These are trying times for the rugby-phobic. As the clock winds down on 24 years, perceptions of New Zealand as a nation obsessed with a biff-bash scrap over a misshapen ball are only building.
The Rugby World Cup is an event dogged by hype, fear and loathing in equal measure: hype surrounding the showcasing and tourism potential; fear that the All Blacks won't win (again); loathing from those who maintain we're overly fixated on rugby at the best of times.
Just to reinforce fears that there is nowhere to hide, the endless analysis is spreading from the bar room to the halls of academia. Auckland University's winter lecture series, beginning Tuesday, is devoted to rugby.
For six weeks, experts will theorise on topics as worrying as "rugby's role in generating leadership capacity" and the "problematic legacy" created by the sport's historical blending of "nostalgia, myth and jingoistic nationalism".
It's quite a sidestep from the customary fare of the annual lectures - advances in medicine and engineering technology and the challenges of modern research are recent themes.
Even more from left field, the lectures are the brainchild of a feminist political scientist. One who is passionate about rugby. Rather than hitching an academic wagon to a high profile event, Dr Jennifer Curtin sees the opportunity to examine the game's place in society "in an intellectual, critical way".
She's a cowbell-toting Mooloo supporter who goes to Hamilton to watch provincial games. She has tickets to five World Cup pool games and has just bought a giant-screen TV for matches she can't get to. She loves it when Waikato beat Auckland and tolerates a husband from Bay of Plenty.
Curtin's brothers both played but that's not where her interest in rugby stems from, she says. "It was just in my world. I remember going to my grandma's house [in the 1970s] and watching games against the Lions with my aunts and uncles. It would be 6-3 but it was exciting."
For the lectures, Curtin set out to explore the place of women in the game and quickly found there's a book in it. Her research exposes the long history of women's involvement with rugby and pings chauvinist myths like a whistle-happy ref. Feminine interest has little to do with beefcake marketing of show-pony backs or any wish to support (or score) a boyfriend, she says.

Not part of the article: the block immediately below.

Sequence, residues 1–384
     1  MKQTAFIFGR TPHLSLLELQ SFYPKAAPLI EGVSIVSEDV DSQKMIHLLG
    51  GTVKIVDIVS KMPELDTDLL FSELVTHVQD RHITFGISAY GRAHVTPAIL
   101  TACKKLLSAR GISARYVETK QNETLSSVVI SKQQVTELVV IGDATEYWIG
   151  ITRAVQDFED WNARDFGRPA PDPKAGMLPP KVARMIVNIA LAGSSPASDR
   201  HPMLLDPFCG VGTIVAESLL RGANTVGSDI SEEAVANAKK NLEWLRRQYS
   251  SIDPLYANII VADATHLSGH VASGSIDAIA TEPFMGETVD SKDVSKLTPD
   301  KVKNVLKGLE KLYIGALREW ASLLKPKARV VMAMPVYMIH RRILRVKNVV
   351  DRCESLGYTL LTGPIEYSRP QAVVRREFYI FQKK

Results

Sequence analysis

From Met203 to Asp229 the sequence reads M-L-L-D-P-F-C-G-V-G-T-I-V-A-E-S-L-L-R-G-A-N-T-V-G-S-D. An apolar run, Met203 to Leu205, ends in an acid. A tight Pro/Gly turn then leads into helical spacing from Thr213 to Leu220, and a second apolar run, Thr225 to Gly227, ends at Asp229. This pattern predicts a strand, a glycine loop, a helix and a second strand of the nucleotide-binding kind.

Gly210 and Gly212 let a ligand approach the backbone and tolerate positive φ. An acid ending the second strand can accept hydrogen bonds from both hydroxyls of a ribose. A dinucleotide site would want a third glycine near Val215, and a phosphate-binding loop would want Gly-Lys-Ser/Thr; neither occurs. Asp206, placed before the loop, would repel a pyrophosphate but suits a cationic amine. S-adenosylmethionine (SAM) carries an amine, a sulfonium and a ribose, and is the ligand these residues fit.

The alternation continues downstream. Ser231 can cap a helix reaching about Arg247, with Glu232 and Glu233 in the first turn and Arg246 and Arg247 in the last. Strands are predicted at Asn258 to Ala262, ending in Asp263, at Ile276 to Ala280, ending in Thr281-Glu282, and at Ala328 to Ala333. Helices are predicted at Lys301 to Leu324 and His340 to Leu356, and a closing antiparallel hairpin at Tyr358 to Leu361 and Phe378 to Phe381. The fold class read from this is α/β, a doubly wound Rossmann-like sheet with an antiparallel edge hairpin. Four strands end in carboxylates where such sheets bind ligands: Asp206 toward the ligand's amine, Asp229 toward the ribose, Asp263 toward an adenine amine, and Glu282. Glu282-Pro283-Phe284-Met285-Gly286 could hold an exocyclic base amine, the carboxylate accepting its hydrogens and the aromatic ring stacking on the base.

"I've interviewed women in their 60s and 70s who remember going to watch rugby with their girlfriends as a social event. The rugby club was embedded in the community - it was the centre of it all."
Times have changed but women have grown more prominent as fans - particularly since they started playing the game. "It's not about watching men in baggy shorts. Most women support a team as opposed to a celebrity player. Not all of them want to see a fantastic running game and not all of them are Dan Carter fans. Women want to see good structure, good platforms, well-executed line-outs - just as men do. If you're a true fan you are interested in the game."
"There's really a large number of women out there who in very similar ways love and support the game."
Curtin's PhD was on women in the union movement and she brings a feminist spin to her day job as a senior lecturer in political studies. She's conscious that feminist literature has long associated rugby with male violence, heavy drinking and paternalism. But growing female enthusiasm for the game is a paradoxical outcome of the women's movement, she says.
"If you ask women why they play rugby, it's the physicality, not the violence - a clean tackle or a good scrum, running 50 metres and diving for the corner. It's about being able to exert to the fullest extent their physical capacity. For them, netball is too constraining."
Her sons, aged 12 and 8, play for Ponsonby. "I suppose I've indoctrinated my children. Both were born in Australia. We knew we had to get back to New Zealand before they became Wallaby fans."